For a while, it involved getting up before the sun to get an hour or two of writing in before the kids woke up, then staying up too late after they go to bed to do the same. It meant a lot of Pixar movies for Rowan during Scout's naps so that I could sit and scratch out a measly few words, and usually writing with him ignoring the movie and trying to sit on my lap to push the buttons on the keyboard. Then, he'd melt down when I moved him off my lap and told him "no" - a meltdown that would inevitably wake up his sister - then the whole thing just went down the tubes and I gave up and poured a glass of wine while side-eyeing my laptop from afar.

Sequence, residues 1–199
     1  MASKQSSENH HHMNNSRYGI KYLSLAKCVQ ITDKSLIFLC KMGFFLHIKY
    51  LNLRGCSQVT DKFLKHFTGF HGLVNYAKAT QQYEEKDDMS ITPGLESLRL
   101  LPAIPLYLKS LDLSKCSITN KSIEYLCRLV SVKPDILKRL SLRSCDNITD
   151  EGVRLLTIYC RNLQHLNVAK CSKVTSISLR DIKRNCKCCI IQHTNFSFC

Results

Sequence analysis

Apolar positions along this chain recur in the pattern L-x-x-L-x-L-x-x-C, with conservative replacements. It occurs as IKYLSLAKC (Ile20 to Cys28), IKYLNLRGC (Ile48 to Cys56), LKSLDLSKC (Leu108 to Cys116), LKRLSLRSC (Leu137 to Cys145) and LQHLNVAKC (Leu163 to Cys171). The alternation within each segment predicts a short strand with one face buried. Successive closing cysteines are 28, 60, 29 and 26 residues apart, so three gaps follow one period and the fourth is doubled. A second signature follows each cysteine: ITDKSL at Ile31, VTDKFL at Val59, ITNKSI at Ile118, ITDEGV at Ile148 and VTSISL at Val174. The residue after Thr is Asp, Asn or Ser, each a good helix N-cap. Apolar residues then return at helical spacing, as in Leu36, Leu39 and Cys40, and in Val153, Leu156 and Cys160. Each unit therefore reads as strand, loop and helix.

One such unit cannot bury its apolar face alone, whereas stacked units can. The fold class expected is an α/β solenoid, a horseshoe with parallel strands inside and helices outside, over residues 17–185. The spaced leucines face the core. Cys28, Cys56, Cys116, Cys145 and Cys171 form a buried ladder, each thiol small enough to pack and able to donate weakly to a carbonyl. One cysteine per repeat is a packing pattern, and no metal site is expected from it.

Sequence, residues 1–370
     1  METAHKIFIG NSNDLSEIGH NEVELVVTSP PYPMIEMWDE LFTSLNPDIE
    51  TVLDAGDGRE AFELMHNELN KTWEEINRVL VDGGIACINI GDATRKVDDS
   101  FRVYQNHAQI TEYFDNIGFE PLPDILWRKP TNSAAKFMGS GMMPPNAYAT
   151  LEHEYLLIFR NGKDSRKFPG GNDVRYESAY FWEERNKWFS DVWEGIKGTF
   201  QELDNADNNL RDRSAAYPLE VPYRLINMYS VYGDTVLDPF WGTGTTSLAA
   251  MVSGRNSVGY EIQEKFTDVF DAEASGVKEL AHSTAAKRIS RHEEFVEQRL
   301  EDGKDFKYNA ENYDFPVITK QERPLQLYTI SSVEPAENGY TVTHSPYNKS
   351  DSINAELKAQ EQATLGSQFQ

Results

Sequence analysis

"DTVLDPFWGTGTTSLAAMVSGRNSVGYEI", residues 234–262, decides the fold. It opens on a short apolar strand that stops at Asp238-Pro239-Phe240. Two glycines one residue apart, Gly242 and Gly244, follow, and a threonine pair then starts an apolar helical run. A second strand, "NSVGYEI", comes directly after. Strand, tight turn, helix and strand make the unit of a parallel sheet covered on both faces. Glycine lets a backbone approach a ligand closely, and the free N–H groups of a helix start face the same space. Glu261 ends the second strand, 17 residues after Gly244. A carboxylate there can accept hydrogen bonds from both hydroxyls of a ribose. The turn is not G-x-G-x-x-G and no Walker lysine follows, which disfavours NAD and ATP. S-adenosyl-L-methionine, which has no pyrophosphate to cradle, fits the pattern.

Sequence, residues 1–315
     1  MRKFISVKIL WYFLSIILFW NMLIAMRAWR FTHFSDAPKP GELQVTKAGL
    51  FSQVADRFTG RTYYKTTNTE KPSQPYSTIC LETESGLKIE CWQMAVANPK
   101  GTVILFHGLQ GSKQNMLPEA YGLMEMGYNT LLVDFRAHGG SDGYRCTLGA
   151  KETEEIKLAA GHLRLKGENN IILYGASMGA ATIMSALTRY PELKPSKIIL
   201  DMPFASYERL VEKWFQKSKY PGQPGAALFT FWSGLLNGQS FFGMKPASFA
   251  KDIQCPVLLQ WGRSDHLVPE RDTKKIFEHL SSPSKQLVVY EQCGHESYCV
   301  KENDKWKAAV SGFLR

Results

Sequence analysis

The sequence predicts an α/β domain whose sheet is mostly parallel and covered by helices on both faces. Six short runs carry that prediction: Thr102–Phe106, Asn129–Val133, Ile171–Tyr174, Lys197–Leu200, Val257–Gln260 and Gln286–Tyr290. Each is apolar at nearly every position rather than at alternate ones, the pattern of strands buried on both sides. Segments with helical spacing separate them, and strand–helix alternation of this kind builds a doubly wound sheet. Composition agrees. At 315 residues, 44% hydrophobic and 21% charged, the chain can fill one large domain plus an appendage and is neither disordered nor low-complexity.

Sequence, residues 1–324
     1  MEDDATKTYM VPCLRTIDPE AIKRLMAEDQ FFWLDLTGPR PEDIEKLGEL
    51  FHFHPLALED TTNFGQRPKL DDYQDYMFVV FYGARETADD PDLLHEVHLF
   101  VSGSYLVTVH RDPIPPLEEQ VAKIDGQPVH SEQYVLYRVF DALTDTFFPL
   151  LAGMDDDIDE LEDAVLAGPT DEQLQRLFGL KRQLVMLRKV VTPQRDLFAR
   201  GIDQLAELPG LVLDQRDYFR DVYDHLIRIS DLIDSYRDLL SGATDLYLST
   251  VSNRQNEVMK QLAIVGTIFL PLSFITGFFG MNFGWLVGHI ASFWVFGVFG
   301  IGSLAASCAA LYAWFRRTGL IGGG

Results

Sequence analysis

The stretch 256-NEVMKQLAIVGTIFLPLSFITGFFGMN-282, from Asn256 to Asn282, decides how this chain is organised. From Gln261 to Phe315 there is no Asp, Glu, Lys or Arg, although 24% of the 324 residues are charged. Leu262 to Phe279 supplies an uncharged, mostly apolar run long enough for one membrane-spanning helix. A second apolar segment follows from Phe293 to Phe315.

Then, it involved moving our family for the summer, getting settled, hiring a nanny for three days a week (which is paid for by a portion of my advance), and sitting in the only place in town with free WiFi during those three days a week - a noisy coffee shop filled with friendly people and horribly uncomfortable seating - and writing your heart out as fast as you can because you only have three days a week for four weeks to get it done. In between, you're still busy doing everything as usual - parenting, laundry, cleaning, diapers, more laundry, cooking, grocery shopping, more cleaning and more laundry. As it so happens, the world doesn't stop turning because you have a book deadline. That is NOT what my imagination told me. I'd set my forehead down on the table, smack it hard against the wood a few times for good measure while saying to myself and everyone around me, "THIS IS NOT ROMANTIC." It's not. It's work, and it's really hard work. You gut yourself trying to write this thing, then you turn it in, knowing full-well that your editor can read it and say, "It's horrible, try again." It's all very unnerving.